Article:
Permit denied for apartments along Reynoldsburg's East Main Street
The Reynoldsburg Board of Building and Zoning Appeals denied a conditional-use permit May 20 that would have allowed more than 100 apartments to be built alongside a 50,000-square-foot medical office building on East Main Street.
The bulk of the 14.6-acre project proposed by the Homewood Corp. – more than 10 acres – was to be dedicated to 180 two- and three-bedroom apartments east of Carlyle Drive and across the street from Glen Rest Memorial Estate.
The property falls along the Franklin/Licking county line in an area classified by the city’s comprehensive plan as the East Main Street District (EMD). The EMD is “intended to serve as a transportation corridor lined with compact, mixed-use development,” according to the 2018 plan.
Homewood is in negotiations with a medical user who wants to build on the remaining four acres, company President Jim Lipnos said.
Lipnos said the $24 million apartment complex was added to the proposal in an effort to meet the zoning code’s call for mixed-use development along East Main Street.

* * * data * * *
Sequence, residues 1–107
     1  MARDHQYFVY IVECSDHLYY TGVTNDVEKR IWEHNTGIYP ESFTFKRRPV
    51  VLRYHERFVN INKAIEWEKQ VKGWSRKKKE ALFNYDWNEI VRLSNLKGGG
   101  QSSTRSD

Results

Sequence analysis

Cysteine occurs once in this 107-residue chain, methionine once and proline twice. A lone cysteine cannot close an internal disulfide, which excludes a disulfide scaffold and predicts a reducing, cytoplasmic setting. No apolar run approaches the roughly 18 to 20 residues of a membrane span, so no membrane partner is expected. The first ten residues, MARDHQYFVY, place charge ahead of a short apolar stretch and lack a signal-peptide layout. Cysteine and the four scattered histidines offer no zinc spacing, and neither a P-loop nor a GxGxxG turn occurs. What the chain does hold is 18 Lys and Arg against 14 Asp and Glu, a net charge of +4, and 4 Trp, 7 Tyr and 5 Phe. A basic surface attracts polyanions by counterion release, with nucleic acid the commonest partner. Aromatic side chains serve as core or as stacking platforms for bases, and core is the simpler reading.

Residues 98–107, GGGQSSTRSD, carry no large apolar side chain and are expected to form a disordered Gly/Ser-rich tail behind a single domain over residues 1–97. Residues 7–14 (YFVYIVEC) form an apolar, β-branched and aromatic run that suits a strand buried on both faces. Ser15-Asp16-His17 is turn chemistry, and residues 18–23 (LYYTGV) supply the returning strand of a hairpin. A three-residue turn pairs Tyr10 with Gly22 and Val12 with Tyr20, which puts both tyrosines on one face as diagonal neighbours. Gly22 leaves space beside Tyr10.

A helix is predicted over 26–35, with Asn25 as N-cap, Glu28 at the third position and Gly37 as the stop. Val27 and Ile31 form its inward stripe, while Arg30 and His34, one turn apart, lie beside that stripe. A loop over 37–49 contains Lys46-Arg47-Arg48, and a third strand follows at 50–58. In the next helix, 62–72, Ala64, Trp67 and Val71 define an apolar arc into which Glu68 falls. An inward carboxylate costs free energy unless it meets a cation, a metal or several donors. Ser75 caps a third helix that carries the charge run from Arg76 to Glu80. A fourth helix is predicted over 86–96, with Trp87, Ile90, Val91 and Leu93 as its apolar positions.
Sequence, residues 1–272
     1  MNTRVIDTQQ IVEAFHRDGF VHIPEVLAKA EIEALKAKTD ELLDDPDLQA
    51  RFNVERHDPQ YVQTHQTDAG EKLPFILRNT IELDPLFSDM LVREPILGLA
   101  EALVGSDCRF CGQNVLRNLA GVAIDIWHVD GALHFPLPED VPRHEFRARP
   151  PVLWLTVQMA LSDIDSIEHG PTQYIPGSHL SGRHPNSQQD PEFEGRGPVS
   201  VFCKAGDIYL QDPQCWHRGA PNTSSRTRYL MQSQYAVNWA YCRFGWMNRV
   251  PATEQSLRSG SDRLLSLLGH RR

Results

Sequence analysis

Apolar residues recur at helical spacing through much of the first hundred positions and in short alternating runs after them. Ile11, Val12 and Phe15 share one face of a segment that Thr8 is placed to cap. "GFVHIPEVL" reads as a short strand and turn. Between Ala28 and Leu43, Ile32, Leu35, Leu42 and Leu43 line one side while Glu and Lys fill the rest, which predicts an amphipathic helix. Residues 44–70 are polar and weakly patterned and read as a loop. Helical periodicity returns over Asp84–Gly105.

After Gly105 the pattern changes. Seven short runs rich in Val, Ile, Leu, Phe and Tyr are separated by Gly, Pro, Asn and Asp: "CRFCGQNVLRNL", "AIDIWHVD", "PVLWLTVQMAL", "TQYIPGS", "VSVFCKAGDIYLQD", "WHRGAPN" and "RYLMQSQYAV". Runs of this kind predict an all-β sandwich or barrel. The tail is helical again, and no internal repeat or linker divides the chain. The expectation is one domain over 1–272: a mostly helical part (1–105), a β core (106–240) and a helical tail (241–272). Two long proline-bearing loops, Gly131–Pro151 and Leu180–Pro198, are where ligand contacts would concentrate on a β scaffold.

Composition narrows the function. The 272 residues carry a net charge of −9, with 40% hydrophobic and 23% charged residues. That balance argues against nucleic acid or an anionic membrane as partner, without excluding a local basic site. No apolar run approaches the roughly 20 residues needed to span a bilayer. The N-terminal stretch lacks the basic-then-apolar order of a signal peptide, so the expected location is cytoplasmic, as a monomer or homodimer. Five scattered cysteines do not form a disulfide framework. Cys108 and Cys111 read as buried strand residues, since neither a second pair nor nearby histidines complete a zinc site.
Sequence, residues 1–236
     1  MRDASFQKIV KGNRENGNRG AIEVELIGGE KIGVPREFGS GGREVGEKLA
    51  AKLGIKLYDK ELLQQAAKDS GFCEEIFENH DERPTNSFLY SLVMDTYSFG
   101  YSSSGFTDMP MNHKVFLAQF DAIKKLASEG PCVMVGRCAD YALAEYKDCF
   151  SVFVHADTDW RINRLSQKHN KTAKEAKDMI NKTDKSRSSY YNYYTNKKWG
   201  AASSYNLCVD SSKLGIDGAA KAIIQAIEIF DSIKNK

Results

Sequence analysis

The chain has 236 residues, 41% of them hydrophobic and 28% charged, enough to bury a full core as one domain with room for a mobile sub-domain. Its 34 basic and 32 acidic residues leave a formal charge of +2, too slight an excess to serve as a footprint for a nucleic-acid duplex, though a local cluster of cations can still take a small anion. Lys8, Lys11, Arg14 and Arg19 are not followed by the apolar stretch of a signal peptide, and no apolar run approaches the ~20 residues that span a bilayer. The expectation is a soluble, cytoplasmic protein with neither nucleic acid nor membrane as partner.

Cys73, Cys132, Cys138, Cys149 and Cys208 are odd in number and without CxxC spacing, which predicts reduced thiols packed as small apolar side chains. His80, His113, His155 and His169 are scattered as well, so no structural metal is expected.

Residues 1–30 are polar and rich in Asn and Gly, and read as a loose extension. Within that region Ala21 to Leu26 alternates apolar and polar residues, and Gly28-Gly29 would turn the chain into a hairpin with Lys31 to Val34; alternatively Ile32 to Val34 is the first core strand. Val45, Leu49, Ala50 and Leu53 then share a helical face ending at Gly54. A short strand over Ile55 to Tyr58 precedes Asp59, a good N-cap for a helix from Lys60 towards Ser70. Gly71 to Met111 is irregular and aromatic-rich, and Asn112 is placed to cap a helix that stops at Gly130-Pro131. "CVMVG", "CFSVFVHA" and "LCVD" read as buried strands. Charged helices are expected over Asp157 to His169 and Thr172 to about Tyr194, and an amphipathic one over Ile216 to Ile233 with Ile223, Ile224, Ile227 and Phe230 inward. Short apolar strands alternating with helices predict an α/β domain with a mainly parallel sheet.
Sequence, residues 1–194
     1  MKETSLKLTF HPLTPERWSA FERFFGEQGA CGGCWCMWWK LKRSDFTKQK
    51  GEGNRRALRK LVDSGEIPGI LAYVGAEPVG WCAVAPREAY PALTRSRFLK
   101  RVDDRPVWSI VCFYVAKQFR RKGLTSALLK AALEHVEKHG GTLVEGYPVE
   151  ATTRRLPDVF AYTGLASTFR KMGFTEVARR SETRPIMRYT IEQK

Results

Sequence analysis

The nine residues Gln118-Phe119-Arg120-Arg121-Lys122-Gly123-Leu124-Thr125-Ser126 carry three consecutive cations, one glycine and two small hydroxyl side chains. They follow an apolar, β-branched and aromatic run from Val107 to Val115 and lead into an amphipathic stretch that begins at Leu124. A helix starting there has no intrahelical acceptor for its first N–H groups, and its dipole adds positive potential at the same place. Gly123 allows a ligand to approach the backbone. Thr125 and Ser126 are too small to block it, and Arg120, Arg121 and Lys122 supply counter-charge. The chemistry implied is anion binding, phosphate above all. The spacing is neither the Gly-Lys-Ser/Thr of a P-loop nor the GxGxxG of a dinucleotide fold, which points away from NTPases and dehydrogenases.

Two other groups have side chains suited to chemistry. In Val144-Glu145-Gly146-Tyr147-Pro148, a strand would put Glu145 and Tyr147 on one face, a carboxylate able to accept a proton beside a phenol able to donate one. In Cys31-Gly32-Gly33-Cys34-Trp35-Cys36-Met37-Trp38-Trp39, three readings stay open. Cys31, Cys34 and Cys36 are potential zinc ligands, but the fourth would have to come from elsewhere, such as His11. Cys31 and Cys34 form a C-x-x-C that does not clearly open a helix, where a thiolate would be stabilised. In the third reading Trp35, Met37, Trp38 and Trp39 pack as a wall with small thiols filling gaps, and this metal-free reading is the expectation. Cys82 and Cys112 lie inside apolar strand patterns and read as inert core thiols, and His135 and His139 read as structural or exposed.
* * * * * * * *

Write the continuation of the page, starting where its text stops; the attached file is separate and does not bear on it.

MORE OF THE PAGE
As proposed, the 3-story Main Street Apartments included a pool, dog park, interior sidewalks and a clubhouse with rents starting at $1,200 a month, Lipnos said.
The Homewood Corp. sought a variance to allow 378 parking spaces at the complex – enough for at least two spaces per apartment – well above the 216 required by city code.
“These are not cheap, run-of-the-mill apartments,” Lipnos said. “I think we blend in with the neighborhood really well.”
A half dozen people spoke against the proposal, including City Auditor Stephen Cicak and former City Council member Brett Luzader, who said the plan doesn’t meet the small retail and mixed-use residential developments intended under the city’s 2018 comprehensive plan.
“I am not against apartments. But I am against this proposal,” Luzader said. “This is not what City Council or the residents were told when this property was rezoned. If you approve this application, I believe you are setting a dangerous precedent for development in Reynoldsburg.”
The property is owned by the William C. Davis Trust/John C. Lucas, trustee.